January can be a dreary time of year for the gardener, yet it can be exciting as well.

We have had a very trying season this past year with extreme heat and drought. Maybe Mother Nature will be kinder to us this coming year.

Now is the time to dream and redesign your flowerbeds for the upcoming spring season. Magazines galore speak of spring and the color that will abound. Watch for the new plant selections that will be introduced in areas of annuals, perennials, trees and shrubs.

The plant collector has the opportunity to research the options of new plant introductions and redesign the garden or containers to enjoy this next season. Now is a good time to beat the spring rush if you would require assistance or guidance from landscape designers.

Remember our wildlife! Birding is a favored hobby among American people. Your yard can be a natural magnet for all kinds of birds by supplying special treats of food, water, safe places to nest and a few other necessities this season.

Enjoy their antics and activity during snowy days. This can give you a real feel good sensation.

Feed the birds hi-energy foods like black oil sunflower seeds, tree nut pieces and suet, which give birds more energy per ounce consumed.

One need of wild birds often overlooked by consumers in cold weather is the need for open water.

The main reason they need water is to help keep warm. Birds fluff out their feathers so they can better capture a “layer of air” that acts as heated insulation. Matted, dirty feathers can’t be fluffed out.

Therefore, by offering food and water, dozens of your feathered friends will soon add brilliant flashes of red and blue, gray and white across the snow, and you’ll hear their melodious songs as they sing “thanks” to you for helping them survive.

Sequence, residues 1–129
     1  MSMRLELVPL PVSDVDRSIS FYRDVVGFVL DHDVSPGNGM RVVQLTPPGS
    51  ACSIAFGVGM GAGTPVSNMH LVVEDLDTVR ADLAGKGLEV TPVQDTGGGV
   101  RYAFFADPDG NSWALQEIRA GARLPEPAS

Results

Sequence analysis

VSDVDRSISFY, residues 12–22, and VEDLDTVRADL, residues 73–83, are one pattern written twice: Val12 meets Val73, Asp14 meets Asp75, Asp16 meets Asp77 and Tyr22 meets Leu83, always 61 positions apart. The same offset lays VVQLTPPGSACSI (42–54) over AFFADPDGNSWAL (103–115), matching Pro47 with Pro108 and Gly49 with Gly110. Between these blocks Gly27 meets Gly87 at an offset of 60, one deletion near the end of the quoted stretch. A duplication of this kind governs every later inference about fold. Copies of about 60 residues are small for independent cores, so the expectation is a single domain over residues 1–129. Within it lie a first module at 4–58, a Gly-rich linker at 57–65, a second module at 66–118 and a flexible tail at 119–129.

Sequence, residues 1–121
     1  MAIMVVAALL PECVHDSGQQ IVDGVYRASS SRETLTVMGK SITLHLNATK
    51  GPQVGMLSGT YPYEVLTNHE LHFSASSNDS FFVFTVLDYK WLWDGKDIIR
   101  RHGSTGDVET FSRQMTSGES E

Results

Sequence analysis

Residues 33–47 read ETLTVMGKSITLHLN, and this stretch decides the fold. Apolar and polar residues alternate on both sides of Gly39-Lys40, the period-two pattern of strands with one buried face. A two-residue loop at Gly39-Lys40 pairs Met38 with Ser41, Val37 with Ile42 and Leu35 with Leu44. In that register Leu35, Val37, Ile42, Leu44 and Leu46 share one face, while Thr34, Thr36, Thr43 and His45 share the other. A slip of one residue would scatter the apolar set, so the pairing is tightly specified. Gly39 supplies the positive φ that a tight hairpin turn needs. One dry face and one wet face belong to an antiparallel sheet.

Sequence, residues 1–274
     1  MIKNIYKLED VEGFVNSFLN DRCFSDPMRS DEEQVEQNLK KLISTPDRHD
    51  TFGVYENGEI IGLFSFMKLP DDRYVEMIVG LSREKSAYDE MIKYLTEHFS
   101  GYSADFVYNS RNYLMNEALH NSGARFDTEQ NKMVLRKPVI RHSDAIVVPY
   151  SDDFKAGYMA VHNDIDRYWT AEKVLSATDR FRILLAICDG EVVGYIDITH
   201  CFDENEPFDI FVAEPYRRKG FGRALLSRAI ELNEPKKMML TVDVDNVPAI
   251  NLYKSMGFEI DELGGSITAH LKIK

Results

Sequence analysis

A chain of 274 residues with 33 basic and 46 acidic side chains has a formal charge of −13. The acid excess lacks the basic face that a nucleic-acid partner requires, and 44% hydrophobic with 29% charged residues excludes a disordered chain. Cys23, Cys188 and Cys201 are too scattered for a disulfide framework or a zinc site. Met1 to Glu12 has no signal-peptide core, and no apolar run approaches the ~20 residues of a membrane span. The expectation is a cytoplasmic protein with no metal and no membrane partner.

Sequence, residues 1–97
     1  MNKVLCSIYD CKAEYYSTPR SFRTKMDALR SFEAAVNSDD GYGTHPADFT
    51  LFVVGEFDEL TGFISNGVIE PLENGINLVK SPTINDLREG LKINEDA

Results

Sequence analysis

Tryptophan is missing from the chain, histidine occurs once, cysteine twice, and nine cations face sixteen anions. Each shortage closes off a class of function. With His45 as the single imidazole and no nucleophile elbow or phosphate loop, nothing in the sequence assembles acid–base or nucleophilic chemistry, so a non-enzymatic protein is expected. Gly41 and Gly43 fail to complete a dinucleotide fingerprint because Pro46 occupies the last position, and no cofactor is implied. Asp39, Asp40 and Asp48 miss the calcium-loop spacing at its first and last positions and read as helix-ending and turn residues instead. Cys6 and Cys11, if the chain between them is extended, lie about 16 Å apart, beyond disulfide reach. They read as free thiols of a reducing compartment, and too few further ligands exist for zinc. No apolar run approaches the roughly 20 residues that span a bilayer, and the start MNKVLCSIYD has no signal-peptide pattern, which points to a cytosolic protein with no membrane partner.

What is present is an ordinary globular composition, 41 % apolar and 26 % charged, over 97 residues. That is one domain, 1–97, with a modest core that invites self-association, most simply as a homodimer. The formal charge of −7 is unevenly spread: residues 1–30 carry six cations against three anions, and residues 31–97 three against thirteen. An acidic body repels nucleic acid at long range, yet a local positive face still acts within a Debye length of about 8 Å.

Let’s turn thoughts to the indoors as there are many things that can be done there. Houseplants should have the dust washed off their leaves on a regular basis during winter. This allows the leaves to gather light more efficiently which will result in better growth, especially since there is less light available this time of year.

Set the pots of humid loving plants on trays filled with pebbles and water. The pots should set on the pebbles, not in the water. As the water evaporates, it replenishes moisture into the dry air normally found in our homes during winter. This is great especially for orchids and ferns.

Indoor plant insect population is a problem that needs to be checked on regularly during the winter as well. Dry home conditions are perfect for insect incubation cycles. Washing the plants regularly will greatly cut down on this problem. Organic remedies, such as insecticidal soap, for controlling insects are readily available and safe for indoor use.

Time flies fast, so enjoy this winter preparing for spring and we will “see you in the garden.”

This monthly column is written by Sandi Hillermann McDonald of Hillermann Nursery & Florist, Washington.